There’s no point in denying it, I’m a total workaholic. That is I tend to drink a lot while I’m at work.
But what if you happen to be that other kind of workaholic – the kind who overworks? You probably never have time to cruise. Well you could be missing out on one of life’s greatest pleasures. So let’s see if I can make things right for you.
If you suffer from this problem, I know a lecture is the last thing you want from me, so I’ve saved that bit for the end.
Clear the backlog
But first, let’s approach this in a positive way. If you really have such a heavy workload and are struggling to clear the backlog that’s built up, the smartest thing you can do is to take a small break and head for a big ship.
If you’ve been following a regime that has you toiling round the clock eight days a week, it’s likely you’re tiring and your work rate has started to drop. Putting in extra hours isn’t going to help.
Instead of working from dawn to dusk, why not set yourself free by sailing into the sunset on a cruise liner.
Cruises are famous for helping people loosen up and unwind – two things I reckon you need to do more than most. Not only will you have a grand holiday but you’ll notice the difference when you return thoroughly refreshed and can see your productivity starting to rise.
But maybe you’ve heard it all before and nothing is going to change you. You’re addicted to your job and refuse to be separated from it. Well I have a great solution.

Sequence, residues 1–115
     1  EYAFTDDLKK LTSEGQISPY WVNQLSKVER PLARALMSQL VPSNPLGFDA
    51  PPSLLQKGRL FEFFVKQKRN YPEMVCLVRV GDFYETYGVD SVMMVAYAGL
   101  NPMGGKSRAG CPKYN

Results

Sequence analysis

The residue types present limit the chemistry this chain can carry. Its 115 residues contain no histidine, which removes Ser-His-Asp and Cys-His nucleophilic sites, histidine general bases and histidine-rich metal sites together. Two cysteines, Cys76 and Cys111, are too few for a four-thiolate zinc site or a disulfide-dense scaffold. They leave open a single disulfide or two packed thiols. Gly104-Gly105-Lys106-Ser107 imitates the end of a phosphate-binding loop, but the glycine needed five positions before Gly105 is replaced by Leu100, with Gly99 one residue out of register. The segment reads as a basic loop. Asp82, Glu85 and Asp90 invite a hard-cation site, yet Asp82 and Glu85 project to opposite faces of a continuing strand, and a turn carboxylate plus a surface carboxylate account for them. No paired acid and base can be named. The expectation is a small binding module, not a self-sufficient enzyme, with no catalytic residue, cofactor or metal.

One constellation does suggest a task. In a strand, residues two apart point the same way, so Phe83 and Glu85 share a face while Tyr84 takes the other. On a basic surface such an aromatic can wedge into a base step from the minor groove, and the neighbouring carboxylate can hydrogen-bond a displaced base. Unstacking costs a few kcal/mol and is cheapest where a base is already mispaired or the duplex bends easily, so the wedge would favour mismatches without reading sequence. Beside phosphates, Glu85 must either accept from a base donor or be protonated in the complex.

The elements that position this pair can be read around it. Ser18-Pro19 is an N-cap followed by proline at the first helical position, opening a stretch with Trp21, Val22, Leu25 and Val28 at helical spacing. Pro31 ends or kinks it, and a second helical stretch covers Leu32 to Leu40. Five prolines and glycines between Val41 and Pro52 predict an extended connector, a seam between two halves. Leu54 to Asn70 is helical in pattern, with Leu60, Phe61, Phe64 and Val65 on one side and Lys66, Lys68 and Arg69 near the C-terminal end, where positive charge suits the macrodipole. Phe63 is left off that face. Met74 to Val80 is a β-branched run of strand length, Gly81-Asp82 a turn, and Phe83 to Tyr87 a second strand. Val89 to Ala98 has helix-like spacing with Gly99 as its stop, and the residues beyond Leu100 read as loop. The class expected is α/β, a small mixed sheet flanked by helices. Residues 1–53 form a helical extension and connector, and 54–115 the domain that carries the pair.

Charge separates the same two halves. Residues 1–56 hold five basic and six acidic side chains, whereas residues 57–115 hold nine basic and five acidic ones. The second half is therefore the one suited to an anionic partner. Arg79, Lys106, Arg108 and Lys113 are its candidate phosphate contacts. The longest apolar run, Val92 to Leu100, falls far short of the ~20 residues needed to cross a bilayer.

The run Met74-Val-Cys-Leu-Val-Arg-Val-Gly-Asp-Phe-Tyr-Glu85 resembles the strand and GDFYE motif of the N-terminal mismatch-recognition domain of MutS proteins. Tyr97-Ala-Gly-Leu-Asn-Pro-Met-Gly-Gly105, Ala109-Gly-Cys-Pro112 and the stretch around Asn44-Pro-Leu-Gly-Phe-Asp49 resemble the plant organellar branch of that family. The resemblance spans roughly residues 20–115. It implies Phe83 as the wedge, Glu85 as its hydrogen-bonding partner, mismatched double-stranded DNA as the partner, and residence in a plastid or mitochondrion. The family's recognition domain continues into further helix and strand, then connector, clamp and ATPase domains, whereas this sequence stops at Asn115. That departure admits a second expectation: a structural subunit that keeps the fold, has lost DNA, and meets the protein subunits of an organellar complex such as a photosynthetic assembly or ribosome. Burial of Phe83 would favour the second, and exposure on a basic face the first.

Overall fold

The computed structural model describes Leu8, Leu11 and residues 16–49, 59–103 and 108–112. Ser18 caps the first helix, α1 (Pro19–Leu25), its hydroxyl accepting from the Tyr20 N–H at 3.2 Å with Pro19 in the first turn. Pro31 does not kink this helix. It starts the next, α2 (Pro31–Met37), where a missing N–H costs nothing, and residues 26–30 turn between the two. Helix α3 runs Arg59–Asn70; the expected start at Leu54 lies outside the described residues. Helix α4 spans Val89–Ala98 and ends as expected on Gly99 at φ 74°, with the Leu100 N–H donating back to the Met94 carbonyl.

Bring your job with you.
To be sure, not every job lends itself to this approach. If you’re a long distance lorry driver or a Red Arrows display pilot, your options are limited on a cruise. But many other jobs are – at least in theory – transferable to the ocean.
With a little help from modern technology, you could transform a corner of any onboard public lounge into a fully functioning office. All it takes is a laptop, printer and shredder, and away you go.
In the past I’ve found it useful to bring my VAT return on holiday and get to work on it whenever spare moments arise. Invoicing is another great task you can turn your hand to in the bar if, for example, there’s a lull in the conversation.
Waiting for your friends to join you for dinner? Why not knock off a couple of emails or a business report in the intervening time?
Invited to the captain’s table but can’t think of anything to say to him? The perfect excuse to get your iPad out and start drafting your company’s new 17-point stakeholder engagement strategy.
If you’re a dentist, what’s to stop you bringing the tools of your trade with you and turning your cabin into a surgery? Well probably all kinds of maritime laws, so maybe don’t try that one.
But then, what about all those myriad possibilities on shore trips? If you speak the local language, maybe you could get temporary employment in a bar or supermarket, or as a police dog handler or town and country planner.
Take to the high seas
Bear in mind some employment opportunities may require a greater long term commitment than you can supply on a one-day visit. Those are the ones that might be better suited to a two-day stop.
Nevertheless, taking all things into consideration, such an extreme compulsion to work can’t be too healthy. Isn’t it time to release yourself from such urges and take to the high seas for a work-free fortnight?
You can do this, but only if you want to break free.
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